Chicago’s connection to the real ‘Aunt Jemima’ and how some are working to preserve her legacy

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In June, Quaker Oats announced it was retiring its 130-year old “Aunt Jemima” brand because of its history based on a racial stereotype.

There’s a little-known story about this well-known brand, with a Chicago connection. And there’s an effort to preserve the legacy of the real woman behind the controversial character and why some have mixed feelings about the brand being retired.

Stylish, God-fearing, an activist with a flair for food, Nancy Green was all that and more. She was the first “Aunt Jemima.”

Sherry Williams is the founder of the Bronzeville Historical Society. She first learned of Green through a family tradition called “Grave Decoration Day,” their version of Memorial Day.

“My parents would always tell me about the incredible lives of people whom they had celebrated,” William said.

And as she continued the tradition with her children, she said Green was often a topic.

Green was born into slavery in 1834 in Kentucky. By 1880, she had moved to Chicago and at one point lived on 45th Street and Indiana Avenue, in the Bronzeville neighborhood.  She was one of the founding members and organizers of Olivet Baptist Church when it moved to 31st Street. 

And she worked as a nurse and caretaker for a wealthy family where she had a reputation of being an excellent cook. Her obituary in the Chicago Defender proudly proclaimed because she could make “flapjacks to the queen’s taste,” she was hired to by a milling company to travel the country to put on cooking demonstrations for its new, readymade pancake mix. The mix was named “Aunt Jemima,” based on a racial stereotype from a late 1800’s minstrel show that featured a man in blackface. 

“Most newspaper accounts tell us that Nancy Green is whom created the original recipe that was used ultimately by the Quaker Oats company,” Williams said.

Green dressed up as a “mammie” in a head scarf to portray a living version of Aunt Jemima at the 1893 Chicago World’s Fair. She reportedly attracted huge crowds with her sparkling personality and flare for storytelling.  She ended up selling 50,000 boxes. 

Green continued as the brand’s ambassador, a national celebrity of sorts for the next 20 years with posters announcing “I’s in town honey.”

“Every time you saw her an advertisement, it was the characterization of what the marketers for the company believes her imagery should look like,” Williams said. “But it does not fit her at all if you look at her picture.”

When she wasn’t peddling pancakes, Green used her celebrity status to speak out against poverty and advocate for equal rights.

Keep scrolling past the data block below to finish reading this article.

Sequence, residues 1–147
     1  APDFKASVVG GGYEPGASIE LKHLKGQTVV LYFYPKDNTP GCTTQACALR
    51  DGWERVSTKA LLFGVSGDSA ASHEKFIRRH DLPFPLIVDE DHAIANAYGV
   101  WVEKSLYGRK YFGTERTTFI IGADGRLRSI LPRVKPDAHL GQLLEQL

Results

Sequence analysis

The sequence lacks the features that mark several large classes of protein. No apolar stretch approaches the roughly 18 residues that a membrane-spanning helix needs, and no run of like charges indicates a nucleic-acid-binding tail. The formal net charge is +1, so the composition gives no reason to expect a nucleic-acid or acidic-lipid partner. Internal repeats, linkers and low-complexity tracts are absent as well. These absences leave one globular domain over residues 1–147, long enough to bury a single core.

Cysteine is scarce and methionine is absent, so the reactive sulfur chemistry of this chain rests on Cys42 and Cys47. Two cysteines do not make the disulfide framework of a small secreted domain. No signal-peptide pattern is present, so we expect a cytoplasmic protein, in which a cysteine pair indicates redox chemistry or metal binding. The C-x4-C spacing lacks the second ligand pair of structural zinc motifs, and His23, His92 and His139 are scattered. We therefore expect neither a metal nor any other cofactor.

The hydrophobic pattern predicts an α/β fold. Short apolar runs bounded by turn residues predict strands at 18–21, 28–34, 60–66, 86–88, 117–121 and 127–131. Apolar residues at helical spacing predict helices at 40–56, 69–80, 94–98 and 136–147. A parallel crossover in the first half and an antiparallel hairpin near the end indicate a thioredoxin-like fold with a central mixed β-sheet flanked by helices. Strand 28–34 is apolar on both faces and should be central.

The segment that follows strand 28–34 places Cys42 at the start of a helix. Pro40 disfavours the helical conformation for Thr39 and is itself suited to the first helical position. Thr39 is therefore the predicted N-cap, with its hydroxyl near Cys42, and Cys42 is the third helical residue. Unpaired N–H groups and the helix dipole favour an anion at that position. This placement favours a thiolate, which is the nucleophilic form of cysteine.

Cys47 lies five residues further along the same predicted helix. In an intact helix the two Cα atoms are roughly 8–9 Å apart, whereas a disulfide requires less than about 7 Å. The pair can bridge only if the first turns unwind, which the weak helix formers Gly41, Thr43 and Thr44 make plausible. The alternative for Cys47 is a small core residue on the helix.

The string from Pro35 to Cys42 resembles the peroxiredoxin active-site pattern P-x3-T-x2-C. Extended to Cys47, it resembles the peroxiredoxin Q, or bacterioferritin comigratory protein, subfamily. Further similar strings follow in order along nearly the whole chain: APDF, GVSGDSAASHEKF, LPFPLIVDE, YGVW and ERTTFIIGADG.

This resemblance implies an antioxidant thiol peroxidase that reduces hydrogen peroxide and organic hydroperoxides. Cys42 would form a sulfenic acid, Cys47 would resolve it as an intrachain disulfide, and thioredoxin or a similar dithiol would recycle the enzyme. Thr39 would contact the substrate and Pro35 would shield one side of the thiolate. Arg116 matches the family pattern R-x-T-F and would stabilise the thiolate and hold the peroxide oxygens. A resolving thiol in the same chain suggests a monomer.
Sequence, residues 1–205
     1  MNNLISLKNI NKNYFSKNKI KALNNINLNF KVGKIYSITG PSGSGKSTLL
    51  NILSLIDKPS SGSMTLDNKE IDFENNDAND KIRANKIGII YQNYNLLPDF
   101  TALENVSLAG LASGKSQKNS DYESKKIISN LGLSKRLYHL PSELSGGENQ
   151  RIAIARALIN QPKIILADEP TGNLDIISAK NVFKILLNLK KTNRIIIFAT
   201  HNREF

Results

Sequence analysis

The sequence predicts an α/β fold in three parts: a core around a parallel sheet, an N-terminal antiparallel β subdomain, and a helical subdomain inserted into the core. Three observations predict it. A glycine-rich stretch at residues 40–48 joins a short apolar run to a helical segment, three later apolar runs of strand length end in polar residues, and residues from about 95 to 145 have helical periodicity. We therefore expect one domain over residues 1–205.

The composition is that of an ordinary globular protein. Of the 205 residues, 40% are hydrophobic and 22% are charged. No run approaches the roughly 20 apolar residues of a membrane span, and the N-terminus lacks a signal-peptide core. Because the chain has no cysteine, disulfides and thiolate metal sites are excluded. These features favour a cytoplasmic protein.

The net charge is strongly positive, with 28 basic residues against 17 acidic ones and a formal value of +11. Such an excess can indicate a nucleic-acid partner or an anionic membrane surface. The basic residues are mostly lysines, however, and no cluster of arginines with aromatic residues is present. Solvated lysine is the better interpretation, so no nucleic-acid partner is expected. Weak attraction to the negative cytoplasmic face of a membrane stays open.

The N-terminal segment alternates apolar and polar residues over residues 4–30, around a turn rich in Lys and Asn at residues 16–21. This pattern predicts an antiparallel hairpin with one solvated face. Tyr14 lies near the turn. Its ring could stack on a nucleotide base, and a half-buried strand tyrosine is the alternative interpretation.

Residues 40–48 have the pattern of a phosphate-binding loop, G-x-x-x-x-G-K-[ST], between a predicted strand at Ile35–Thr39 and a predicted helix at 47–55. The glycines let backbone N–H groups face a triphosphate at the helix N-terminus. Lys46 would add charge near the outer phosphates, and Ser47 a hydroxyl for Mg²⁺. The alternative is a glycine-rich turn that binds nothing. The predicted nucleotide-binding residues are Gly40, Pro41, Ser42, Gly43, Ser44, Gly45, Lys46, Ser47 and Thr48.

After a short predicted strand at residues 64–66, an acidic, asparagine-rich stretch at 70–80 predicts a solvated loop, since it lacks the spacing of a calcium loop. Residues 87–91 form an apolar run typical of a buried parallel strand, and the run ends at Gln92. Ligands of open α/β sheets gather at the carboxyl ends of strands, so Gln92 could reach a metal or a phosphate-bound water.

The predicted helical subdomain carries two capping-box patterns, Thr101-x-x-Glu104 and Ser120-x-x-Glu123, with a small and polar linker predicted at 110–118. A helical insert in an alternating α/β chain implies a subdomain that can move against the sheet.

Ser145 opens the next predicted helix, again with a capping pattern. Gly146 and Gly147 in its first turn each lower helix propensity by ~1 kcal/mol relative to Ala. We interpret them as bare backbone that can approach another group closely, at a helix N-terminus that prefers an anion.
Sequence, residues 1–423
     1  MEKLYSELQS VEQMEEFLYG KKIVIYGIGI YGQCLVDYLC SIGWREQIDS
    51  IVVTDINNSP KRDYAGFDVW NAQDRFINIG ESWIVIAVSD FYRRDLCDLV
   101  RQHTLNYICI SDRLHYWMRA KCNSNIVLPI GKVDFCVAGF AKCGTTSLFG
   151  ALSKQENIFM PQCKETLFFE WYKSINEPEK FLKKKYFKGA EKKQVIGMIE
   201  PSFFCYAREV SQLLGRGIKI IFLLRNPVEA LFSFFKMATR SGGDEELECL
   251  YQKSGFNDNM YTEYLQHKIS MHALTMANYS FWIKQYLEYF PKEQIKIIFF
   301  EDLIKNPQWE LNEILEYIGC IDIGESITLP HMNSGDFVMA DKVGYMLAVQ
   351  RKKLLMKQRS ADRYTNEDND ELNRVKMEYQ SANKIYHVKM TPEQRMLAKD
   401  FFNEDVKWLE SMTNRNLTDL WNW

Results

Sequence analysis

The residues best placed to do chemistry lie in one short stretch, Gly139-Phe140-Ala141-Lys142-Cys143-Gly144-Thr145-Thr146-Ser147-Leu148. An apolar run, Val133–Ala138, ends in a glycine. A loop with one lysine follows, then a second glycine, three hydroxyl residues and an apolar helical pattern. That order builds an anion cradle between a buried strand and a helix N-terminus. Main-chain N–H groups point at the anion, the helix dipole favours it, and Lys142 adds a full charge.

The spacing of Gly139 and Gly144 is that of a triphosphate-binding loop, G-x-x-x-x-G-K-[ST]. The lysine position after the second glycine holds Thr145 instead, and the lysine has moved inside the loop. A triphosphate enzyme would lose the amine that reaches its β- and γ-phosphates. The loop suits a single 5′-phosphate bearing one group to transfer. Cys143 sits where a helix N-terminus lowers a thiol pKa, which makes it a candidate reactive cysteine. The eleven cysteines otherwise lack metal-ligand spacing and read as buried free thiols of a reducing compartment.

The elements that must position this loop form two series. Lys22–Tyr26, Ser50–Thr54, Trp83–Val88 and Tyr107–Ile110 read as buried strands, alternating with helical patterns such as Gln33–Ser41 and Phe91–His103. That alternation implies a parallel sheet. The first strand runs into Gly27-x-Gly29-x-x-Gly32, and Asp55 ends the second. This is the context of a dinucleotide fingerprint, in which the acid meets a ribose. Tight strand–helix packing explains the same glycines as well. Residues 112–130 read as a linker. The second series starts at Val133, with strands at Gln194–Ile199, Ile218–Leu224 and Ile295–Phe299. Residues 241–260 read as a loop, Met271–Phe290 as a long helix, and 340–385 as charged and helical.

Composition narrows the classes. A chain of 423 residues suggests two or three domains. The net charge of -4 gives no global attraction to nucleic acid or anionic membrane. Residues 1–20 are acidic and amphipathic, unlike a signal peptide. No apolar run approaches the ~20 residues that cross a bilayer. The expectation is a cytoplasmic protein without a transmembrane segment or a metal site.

Marcus Hayes is one of Green’s last known living relatives.  He learned details about his great, great, great aunt when Williams tracked him and his brothers down while doing her research.

“I think we need to understand the real truth behind the moment,” he said. “That it is not just a character. It is an actual person who overcame oppression, who use what she had to become who she was. That she used her recipe, while still being enslaved and nursing a family, and became someone that the world would eventually know.”

Green died in 1923 at the age of 89 when she was hit by a car while crossing 46th Street. She was buried in a remote corner of Oak Woods Cemetery in an unmarked, pauper’s grave.

Three years later Quaker Oats bought the Aunt Jemima brand and hired several new spokesmodels over the years, leaving Green’s legacy to fade.

Now as the company tries to reckon with Aunt Jemima’s racist past, Hayes said he has mixed feelings about the company’s plans to retire the brand.

“I don’t want her legacy to be erased,” he said.

“I think absolutely they should retain the image that’s there,” William said. “I believe it’s a teachable moment to describe, clearly, why this imagery was important to the brand. And it was important to the brand because this black woman is what sold the product.”

In 2015, Williams spearheaded a campaign to highlight Green’s life and legacy. She raised more than $7,000 dollars to place a headstone at her grave.

“I’m excited. The marker looks amazing,” Hayes said. “I think she would really, really be proud.”

In a city cemetery that holds the remains of many prominent Black Chicagoans, like journalist and activist Ida B. Wells, Olympic hero Jesse Owens and Chicago’s first Black mayor Harold Washington now sits the headstone of one more: Nancy Green, the original Aunt Jemima.

There will be a ceremony Saturday at Oak Woods Cemetery to dedicate the grave marker and celebrate Green’s life. You can watch it by registering via Zoom at this link.
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